With only two days left until nearly 4 million southern Sudanese go to the polls to cast their vote for unity or secession, the international community has its eyes on Africa's largest country.
Dozens of senior United Nations officials, diplomats, journalists, and academic researchers crowded the room at the International Peace Institute's policy forum in New York on Friday, to discuss the highly anticipated southern Sudan referendum. The International Policy Institute is a New York-based international think tank focused on promoting conflict prevention and settlement and strengthening international peace and security institutions.
Sudan faces its "most critical moment in its history," said Hilde Frafjord Johnson, deputy executive director of the UN Children's Fund (UNICEF).
The referendum is set to be held on Jan. 9, when inhabitants of southern Sudan will vote on whether to secede from the rest of the country. As the final phase of the 2005 Comprehensive Peace Agreement (CPA), the referendum concludes 20 years of war between the northern-based government and the Sudan People's Liberation Army (SPLA) in the south -- a civil war that resulted in the deaths of over 2 million people.
"We all know that a partition of the country is the likely outcome, and we can soon witness one of the first divisions of an African state since the colonial era," said Johnson, who played a key role in brokering the 2005 CPA.
Despite the statement made by Sudanese President Omar al-Bashir on Jan. 4 in the southern capital of Juba asserting a commitment to lasting peace and respect for the outcome of the vote, the situation in the embattled country remains tense.
"Sudanese leaders stand at a crossroads. The decisions they make today and in the next six to 12 months will be decisive for the future of the country," Johnson noted.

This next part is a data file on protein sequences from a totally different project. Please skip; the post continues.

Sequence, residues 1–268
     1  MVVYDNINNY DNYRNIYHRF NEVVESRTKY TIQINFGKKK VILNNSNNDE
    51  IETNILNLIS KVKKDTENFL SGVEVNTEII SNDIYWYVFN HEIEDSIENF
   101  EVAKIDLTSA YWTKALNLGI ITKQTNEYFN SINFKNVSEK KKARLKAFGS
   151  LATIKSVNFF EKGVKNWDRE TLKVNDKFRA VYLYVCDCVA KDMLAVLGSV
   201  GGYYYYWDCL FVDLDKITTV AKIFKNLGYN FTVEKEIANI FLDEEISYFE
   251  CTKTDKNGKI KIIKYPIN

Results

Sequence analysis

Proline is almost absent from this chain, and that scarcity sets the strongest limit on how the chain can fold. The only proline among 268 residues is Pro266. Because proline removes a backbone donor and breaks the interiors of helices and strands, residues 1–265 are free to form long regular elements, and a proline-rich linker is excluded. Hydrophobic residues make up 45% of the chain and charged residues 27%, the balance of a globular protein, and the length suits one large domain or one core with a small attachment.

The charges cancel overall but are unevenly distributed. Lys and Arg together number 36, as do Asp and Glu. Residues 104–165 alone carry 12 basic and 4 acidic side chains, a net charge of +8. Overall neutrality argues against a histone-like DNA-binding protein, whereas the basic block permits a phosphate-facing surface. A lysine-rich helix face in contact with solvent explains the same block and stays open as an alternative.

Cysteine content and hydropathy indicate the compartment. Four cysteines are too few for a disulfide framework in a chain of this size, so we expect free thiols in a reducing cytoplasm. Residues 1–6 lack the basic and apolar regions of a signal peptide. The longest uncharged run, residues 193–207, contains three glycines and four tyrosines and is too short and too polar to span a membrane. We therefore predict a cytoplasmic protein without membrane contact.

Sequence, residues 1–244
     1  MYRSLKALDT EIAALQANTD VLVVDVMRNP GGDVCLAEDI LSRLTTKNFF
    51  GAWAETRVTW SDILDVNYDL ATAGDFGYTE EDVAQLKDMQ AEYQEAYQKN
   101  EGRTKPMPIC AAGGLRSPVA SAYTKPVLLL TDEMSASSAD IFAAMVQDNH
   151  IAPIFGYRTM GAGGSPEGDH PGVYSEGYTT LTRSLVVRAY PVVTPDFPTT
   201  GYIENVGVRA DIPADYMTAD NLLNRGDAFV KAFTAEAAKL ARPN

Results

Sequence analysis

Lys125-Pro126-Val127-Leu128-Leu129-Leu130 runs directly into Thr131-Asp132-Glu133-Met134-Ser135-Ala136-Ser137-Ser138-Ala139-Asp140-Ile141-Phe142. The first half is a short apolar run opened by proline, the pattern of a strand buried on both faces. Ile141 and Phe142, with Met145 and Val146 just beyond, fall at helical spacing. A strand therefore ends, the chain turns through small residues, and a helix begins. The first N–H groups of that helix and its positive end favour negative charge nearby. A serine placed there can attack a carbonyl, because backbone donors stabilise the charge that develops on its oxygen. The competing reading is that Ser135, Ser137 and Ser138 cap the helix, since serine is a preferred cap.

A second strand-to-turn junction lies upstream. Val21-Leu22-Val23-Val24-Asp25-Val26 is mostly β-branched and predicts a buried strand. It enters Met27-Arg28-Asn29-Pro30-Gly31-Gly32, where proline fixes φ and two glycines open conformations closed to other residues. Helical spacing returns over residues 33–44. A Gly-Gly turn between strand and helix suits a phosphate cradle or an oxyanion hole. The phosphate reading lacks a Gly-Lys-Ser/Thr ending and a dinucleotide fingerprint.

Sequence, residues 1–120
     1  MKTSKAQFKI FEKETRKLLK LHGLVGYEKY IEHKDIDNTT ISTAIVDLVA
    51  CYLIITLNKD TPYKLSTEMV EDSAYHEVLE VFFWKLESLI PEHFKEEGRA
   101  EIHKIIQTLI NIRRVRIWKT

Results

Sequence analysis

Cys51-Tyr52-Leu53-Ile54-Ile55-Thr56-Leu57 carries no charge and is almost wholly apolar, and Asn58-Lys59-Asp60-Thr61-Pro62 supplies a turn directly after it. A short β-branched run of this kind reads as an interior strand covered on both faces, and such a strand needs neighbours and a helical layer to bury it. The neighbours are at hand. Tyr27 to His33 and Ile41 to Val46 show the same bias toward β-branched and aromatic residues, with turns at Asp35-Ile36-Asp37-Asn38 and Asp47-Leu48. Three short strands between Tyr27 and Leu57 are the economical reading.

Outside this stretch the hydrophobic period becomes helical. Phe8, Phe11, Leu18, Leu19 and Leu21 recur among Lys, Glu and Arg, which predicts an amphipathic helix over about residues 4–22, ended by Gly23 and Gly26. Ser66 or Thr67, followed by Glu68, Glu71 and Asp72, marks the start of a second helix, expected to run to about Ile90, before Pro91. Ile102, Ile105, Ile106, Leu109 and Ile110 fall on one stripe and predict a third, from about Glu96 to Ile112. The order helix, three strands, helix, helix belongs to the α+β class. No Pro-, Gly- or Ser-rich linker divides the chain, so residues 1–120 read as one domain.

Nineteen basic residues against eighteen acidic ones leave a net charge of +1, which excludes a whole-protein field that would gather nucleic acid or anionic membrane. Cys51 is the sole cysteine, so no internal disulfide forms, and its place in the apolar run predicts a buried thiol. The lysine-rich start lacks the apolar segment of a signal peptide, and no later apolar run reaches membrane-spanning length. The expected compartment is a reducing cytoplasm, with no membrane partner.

"It is not likely that any of the two parties deliberately want to reignite Africa's longest civil war. But it can still happen inadvertently, if the outcome of the referendum is questioned or seen as illegitimate there will be outbreaks of violence and it can spin out of control," she added.
According to senior UN officials, there are 3.9 million people registered to vote on Sunday. However, less than 3 percent of those registered will be voting in the northern part of the country.
UN peacekeeping operations in Sudan (UNMIS) completed their delivery of ballot papers on Jan. 5th to the 2,638 voting stations in southern Sudan and 174 centers in the northern part of the country. Southern Sudanese are also eligible to vote at 80 stations in Australia, Canada, Egypt Ethiopia, Kenya, Uganda, the United Kingdom and the United States.
Due to the high illiteracy rate in southern Sudan, the ballots carry two pictures -- one hand signifies secession, two clasped hands signify unity. Voters are required to put their fingerprint on the symbol of their choice.
Final results are expected to be announced around Feb. 6. If those results are contested, however, Johnson warns that it "could lead to a unilateral declaration of independence for southern Sudan, which in turn would lead to violence that could take a life of its own.
Meanwhile, Sudanese Ambassador to the UN Daffa-Alla Elhag Ali Osman told forum participants that government in the north is " fully committed to the referendum" and "fully committed to the outcome."
However, Osman expressed Khartoum's reservations over the expected secession claiming it could set a precedent for other countries throughout the African continent. The referendum may " open a pandora's box for Africa."